Work on the Trezor program (Tranquillity in rural areas through public and solar lighting) is beginning, one year after its official launch by the Departmental Council of Ille-et-Vilaine (France) and the authorities of the Mopti region in Mali. It aims to install 200 solar-powered street lamps in Mopti to improve public lighting. The solar-powered equipment will be supplied by the French company Fonroche Éclairage.

Improving public lighting in the Mopti region. This is the goal of the Trezor program (Tranquillity in Rural Areas by Public and Solar Lighting), launched in 2019 by the Ille-et-Vilaine Departmental Council (France) and the authorities of the Mopti region, partners for 35 years. Trezor aims to install 200 solar-powered street lights in the Mopti region in central Mali.

The solar-powered street lamps will be supplied by the French company Fonroche Éclairage, which specializes in public lighting and the production of renewable energy. The Fonroche Group subsidiary was chosen in an international call for tenders. According to the specifications of the Trezor program, the solar street lamps will have to be able to operate 365 nights a year in a hot and dusty climate. Authorities in the Mopti region estimate that Mali enjoys sunshine 300 days a year, making this West African country an ideal location for this type of sustainable solution.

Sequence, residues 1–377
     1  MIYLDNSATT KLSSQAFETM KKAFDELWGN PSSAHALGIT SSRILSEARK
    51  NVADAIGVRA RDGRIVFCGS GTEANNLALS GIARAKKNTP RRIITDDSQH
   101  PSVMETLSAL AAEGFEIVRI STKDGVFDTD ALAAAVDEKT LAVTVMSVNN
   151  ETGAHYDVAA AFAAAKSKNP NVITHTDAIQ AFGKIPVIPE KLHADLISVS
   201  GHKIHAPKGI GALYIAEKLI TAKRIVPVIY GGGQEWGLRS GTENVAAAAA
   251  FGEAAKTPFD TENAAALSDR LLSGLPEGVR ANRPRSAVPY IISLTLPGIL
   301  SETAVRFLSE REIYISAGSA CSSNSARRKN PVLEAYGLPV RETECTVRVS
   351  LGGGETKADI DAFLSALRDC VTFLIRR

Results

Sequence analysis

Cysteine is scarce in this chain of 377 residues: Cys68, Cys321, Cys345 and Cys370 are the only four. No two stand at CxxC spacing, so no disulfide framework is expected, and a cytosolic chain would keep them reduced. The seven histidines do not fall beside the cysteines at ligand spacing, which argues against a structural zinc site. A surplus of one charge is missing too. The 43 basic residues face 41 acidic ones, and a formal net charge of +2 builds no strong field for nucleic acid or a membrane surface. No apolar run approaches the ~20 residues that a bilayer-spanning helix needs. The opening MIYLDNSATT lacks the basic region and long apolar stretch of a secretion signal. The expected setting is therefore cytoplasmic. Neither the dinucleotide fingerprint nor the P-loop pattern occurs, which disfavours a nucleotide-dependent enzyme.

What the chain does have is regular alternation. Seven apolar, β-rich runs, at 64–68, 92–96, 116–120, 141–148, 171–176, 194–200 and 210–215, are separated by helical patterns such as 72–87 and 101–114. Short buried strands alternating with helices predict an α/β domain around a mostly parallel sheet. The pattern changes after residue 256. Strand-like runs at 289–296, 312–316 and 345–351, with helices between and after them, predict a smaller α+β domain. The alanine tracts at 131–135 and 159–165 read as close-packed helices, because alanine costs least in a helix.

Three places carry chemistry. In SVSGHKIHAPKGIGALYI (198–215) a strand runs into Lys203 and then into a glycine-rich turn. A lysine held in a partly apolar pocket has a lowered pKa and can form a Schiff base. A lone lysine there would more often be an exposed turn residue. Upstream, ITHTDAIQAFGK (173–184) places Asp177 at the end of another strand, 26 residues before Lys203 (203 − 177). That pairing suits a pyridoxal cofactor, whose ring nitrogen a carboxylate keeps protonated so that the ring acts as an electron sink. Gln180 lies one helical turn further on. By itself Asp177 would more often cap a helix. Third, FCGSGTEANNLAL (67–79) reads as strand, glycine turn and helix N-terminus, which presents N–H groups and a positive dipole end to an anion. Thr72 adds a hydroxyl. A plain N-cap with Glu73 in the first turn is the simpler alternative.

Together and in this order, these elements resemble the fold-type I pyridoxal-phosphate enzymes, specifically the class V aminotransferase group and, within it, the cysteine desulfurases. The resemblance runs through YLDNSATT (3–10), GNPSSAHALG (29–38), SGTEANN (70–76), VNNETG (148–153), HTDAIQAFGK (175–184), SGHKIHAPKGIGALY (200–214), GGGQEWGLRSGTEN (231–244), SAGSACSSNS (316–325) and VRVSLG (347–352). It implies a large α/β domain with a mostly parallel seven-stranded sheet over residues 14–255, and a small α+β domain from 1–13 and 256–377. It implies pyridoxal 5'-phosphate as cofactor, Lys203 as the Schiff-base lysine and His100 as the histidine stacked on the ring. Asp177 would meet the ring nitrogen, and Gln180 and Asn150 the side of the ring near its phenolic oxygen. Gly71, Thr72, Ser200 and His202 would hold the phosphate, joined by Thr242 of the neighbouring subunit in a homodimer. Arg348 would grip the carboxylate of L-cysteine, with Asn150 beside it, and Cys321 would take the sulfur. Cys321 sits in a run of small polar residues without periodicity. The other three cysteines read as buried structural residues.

The street lamps will be distributed along the main roads and in the busy areas of Mopti. “They will bring comfort and tranquillity to at least 40,000 people, help socio-economic development and limit violence,” says Fonroche Éclairage. The installation of the solar street lamps will be carried out by local authority staff, previously trained by Fonroche Éclairage. The French company explains that the team initially chosen to install its solar street lamps was chosen in France because of travel restrictions related to Covid-19. Fonroche Éclairage also indicates that the preventive and curative maintenance of the solar street lamps will be carried out by its “Malian partner” before their installation.

 

Source: Afrik21

 

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